A Beginner's Guide to
Larry Norman

by Gord Wilson

This was originally written for the SaNmagazine online 'zine designed by Michael Redmond of Nuclear Web Design. If you wonder why the last page looks so good, it's because it's taken from the original SaN, surely one of the most beautiful web 'zines ever made, while the rest of the article is low-tech living dog. We hope to unearth more SaN stuff in the future as well as dig up more Norman stuff from the past. Most of the currently available Norman CDs  can be ordered at, and a few are available through To visit Norman's official site, click on the link below.  




It's a Rock

I didn't know how out of the loop I was until I ran into a guy at Promise Keepers wearing a shirt that showed the electrocardiograms of Larry's seven heart attacks, and the wearer turned out to be my now good friend, Greg Knott, a long-time Normaniac who turned me on to Larry's great recent albums. This is the first of a series of profiles of Larry Norman's albums

Upon This Rock

Upon This Rock (1968) was Larry's debut solo album after leaving the band People. Originally released by Capitol Records, it was later sold to Impact, and recently returned as a Solid Rock CD. Capitol billed it as "The Sgt. Pepper of Christianity" to capitalize on the Beatles' enormously popular album."It's a message, it's a rock," began the compelling back jacket invitation, and in some ways this intriguing musical phantasmagoria has never been equalled. Woven together in a musical tapestry, this album introduced some of Norman's strongest songs, among them "Sweet Sweet Song of Salvation" and "I Wish We'd All Been Ready," which instantly became staples of youth groups. "Hineni," as the Jewish saying goes, "it would have been enough," but Norman's prodigious musical output was just beginning.

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Street Level

The unofficial calling card of the Jesus Movement, Street Level was Norman at his stripped-down, radical, thoughtful, and to some, annoying, best. Everyone anyone likes (or doesn't like) about Norman's music is here. This is the album waiting to be discovered by the grunge rockers. Street Level existed in two versions. The first side of both albums was the same, but tthe flip side of the first version contained songs from an unreleased rock opera called "Lion's Breath," some of which found their way onto later albums.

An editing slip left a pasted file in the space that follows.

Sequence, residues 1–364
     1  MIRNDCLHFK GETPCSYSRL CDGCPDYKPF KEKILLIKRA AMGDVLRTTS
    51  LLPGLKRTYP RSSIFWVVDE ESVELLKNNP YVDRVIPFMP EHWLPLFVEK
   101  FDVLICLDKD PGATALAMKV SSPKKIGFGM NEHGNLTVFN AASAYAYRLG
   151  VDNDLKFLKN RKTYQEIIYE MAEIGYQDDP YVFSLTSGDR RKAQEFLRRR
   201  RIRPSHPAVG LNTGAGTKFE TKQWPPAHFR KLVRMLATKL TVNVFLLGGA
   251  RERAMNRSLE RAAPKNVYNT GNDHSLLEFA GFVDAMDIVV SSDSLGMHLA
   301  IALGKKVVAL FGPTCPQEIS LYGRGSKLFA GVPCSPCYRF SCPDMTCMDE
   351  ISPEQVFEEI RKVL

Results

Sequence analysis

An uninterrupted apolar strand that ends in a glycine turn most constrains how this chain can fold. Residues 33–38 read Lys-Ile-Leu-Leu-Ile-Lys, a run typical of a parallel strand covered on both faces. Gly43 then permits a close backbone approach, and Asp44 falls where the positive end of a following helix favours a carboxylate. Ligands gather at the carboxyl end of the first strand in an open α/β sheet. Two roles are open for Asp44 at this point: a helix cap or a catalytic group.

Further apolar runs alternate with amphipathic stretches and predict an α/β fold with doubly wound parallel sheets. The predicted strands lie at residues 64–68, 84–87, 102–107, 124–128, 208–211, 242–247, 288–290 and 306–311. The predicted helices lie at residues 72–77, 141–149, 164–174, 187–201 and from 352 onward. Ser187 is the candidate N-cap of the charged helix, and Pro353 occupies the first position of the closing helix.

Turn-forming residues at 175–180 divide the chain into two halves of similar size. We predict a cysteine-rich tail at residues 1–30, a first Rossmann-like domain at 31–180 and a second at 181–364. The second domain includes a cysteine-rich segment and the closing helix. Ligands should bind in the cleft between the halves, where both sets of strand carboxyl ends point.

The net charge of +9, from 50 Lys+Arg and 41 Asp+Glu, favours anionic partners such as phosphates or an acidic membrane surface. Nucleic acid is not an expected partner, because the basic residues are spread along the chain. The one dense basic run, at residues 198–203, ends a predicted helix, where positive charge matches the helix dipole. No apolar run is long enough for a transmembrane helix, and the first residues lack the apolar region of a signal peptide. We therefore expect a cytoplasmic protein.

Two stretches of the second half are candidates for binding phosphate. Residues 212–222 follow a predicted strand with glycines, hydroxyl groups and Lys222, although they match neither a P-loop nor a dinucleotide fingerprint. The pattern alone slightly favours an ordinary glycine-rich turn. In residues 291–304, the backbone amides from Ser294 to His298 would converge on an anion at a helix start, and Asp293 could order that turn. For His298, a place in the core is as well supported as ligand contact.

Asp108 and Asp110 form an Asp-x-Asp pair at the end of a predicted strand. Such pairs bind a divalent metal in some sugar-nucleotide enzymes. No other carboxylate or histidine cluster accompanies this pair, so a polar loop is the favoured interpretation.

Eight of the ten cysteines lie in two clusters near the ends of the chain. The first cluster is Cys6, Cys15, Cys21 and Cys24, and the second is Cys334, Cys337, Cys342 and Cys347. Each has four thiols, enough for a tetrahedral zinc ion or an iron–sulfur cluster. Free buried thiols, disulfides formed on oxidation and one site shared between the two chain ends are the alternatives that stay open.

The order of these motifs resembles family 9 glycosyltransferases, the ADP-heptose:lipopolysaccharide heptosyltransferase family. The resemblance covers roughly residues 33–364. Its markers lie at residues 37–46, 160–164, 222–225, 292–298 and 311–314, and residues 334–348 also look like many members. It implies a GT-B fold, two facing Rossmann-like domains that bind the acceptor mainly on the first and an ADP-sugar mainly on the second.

Some listeners couldn't understand the musical out of context, however, and Street Level was rereleased in a more popular version with gospel rock songs on side  'B'. The ideal CD would feature side 'A' along with both 'B' sides on one disc. The album spawned such little-heard classics as "No More LSD for Me" and "Baby Out of Wedlock," along with "First Day in Church," a spoken poem with Norman feigning a British accent.

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The original "unplugged" album, this perfectly legal record was a unique two disc collection of songs, interviews, and humorous monologues, mostly collected by Norman's sister. Intimate and unpretentious, it was rereleased a few times with monor changes and mistakes: the front cover photo backwards, the title printed variously in red or white, sometimes with inserts of pictures or liner notes. Along with little-heard full-length songs, Bootleg fades in and out of evocative little snatches of music and lyrics, capturing something of the intimacy of Norman's solo concerts.

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